US 3379192 A
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Description (OCR text may contain errors)
April .8 L. e. WARREN, JR 3,379,192
DENTAL TREATMENT DEVICE Filed May'lO, 1965 2 Sheets-Sheet 1 INVENTOR. LAMAR s. WARREN, JR.
adwe April 23, 1968 ca. WARREN, JR 3,379,192
DENTAL TREATMENT DEVICE Filed May 10, 1965 2 Sheets-Sheet 2 LAMAR G WARREN, JR.
Uted States Patent Ofiice 3,379,192 Patented Apr. 23, 1968 3,379,192 DENTAL TREATMENT DEVICE Lamar G. Warren, In, 2181 NE. 27th Drive, Wilton Manor, Fort Lauderdale, Fla. 33305 Filed May 10, 1965, Ser. No. 454,348 Claims. (Cl. 128-66) ABSTRACT OF THE DISCLDSURE A dental treatment device, shaped to coniorm to the contours of the dentition, which applies fluids to the surfaces of the teeth and gums and removes the fluid, once it has served its usefulness, from the mouth of the user.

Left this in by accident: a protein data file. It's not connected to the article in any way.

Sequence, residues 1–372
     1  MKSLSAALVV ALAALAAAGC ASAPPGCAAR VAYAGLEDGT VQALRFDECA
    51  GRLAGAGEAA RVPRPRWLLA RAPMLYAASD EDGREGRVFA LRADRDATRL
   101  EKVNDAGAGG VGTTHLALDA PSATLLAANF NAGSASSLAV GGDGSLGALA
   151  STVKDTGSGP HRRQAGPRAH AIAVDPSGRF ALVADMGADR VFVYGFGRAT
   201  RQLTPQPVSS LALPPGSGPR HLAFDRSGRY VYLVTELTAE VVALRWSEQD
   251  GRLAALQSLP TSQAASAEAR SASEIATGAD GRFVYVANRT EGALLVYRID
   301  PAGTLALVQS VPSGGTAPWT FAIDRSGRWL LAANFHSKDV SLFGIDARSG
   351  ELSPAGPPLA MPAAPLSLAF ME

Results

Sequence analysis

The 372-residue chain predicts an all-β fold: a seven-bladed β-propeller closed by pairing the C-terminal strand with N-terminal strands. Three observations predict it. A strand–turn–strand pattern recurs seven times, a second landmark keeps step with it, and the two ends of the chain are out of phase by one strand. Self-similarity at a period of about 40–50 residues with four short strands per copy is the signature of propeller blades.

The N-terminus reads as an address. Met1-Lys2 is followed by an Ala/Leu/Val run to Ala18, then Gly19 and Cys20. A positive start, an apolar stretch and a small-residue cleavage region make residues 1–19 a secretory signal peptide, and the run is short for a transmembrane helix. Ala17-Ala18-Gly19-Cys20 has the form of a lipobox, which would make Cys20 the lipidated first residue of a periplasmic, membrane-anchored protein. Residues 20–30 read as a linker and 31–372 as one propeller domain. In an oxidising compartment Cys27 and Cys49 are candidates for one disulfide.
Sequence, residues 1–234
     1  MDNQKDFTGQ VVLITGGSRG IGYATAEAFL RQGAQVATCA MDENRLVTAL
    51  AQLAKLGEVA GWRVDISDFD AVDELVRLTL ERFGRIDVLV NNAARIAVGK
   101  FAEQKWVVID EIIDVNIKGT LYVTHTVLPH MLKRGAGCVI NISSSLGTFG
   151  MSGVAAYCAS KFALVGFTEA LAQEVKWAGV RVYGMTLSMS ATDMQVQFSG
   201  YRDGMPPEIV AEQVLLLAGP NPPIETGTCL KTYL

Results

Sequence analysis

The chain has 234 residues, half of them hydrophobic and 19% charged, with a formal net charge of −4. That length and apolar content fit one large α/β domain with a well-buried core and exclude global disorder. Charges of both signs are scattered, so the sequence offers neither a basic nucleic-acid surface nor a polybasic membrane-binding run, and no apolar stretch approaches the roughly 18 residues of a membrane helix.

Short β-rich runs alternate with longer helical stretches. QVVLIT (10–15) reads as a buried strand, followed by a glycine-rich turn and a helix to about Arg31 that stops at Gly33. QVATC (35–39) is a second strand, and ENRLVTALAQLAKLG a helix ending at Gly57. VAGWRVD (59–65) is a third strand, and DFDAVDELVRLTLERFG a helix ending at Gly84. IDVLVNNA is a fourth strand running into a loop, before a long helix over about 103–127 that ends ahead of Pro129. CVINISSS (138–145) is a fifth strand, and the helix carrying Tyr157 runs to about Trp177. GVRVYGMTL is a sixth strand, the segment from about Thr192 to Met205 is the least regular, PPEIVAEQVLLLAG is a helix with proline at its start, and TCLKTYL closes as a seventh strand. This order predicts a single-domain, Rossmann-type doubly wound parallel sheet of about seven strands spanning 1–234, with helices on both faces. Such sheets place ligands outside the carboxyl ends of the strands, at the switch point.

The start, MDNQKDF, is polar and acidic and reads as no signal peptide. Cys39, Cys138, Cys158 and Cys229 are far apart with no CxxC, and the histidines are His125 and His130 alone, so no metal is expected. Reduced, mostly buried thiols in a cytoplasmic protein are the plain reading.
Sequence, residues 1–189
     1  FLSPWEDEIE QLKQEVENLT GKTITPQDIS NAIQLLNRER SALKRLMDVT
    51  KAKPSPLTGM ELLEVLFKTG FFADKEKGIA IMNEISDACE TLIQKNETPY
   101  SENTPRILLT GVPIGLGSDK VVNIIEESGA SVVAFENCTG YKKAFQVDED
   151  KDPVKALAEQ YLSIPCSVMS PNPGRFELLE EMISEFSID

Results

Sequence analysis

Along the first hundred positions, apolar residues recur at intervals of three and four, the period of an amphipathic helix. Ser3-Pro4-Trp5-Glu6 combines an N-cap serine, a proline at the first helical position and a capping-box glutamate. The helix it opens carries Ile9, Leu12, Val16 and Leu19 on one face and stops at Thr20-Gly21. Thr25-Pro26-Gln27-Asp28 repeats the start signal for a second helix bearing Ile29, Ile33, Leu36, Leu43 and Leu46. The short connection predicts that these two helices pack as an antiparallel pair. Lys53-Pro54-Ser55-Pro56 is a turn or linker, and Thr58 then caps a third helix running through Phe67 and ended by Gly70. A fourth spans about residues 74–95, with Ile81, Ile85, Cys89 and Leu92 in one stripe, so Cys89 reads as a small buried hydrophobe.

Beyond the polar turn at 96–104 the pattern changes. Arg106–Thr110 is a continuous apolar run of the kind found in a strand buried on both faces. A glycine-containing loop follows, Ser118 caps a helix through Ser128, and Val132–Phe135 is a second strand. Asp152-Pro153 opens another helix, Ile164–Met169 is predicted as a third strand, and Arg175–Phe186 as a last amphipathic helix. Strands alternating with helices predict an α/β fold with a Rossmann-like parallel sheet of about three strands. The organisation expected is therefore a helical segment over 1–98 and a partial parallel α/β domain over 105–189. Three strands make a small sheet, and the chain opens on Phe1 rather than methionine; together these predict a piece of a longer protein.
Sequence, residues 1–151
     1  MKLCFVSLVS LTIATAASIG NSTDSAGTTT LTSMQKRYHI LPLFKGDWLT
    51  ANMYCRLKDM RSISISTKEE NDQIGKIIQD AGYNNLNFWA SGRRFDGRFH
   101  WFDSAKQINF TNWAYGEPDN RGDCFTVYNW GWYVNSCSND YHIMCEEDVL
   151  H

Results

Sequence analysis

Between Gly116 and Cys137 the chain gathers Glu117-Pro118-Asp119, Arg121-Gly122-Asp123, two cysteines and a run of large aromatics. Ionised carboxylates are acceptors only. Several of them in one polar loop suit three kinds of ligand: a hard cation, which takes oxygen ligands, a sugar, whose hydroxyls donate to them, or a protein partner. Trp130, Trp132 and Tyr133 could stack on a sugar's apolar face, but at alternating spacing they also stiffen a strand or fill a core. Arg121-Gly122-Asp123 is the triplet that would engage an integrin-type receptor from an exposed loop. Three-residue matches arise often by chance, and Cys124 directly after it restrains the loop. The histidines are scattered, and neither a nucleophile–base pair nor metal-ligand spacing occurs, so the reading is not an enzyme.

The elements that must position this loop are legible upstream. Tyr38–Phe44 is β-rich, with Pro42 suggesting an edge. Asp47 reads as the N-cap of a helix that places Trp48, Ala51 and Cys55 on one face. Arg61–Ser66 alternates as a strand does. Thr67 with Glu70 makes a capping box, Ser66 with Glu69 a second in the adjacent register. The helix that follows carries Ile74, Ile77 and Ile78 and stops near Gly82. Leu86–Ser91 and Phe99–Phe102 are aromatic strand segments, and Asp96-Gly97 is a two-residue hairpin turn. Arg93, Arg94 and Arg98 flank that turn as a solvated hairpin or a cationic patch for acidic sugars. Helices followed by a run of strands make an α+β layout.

This invention relates in general to the dental hygiene art and in more particularity to a dental treatment device.
'It is the primary object of my invention to provide an effective dental treatment device which applies fluids under high frequency pulsations to the surfaces of the teeth and gums and removes the fluid, once it has served its usefulness, from the mouth of the user.
It is a further object of the invention to provide a master dental treatment unit which may be used by a plurality of users with each one having his own personal mouthpieces therefor. It is contemplated that only one pump and supply mechanism be provided for any particular family or group with the individuals each quickly attaching and detaching his customized mouthpieces.
It is a further object of the invention to provide a dental treatment device which incorporates a completely closed system so as to prevent any spilling of water, etc., over the person and surrounding areas during treatment.
It is a still further object of the invention to provide a dental treatment device in which the pulsating liquid used is applied directly to the teeth and gums at extremely close range so as to make the treatment more effective and more efiicient.
It is a further object of the invention to provide a treatment device which is equally effective when used with either natural dentition or artificial dentures.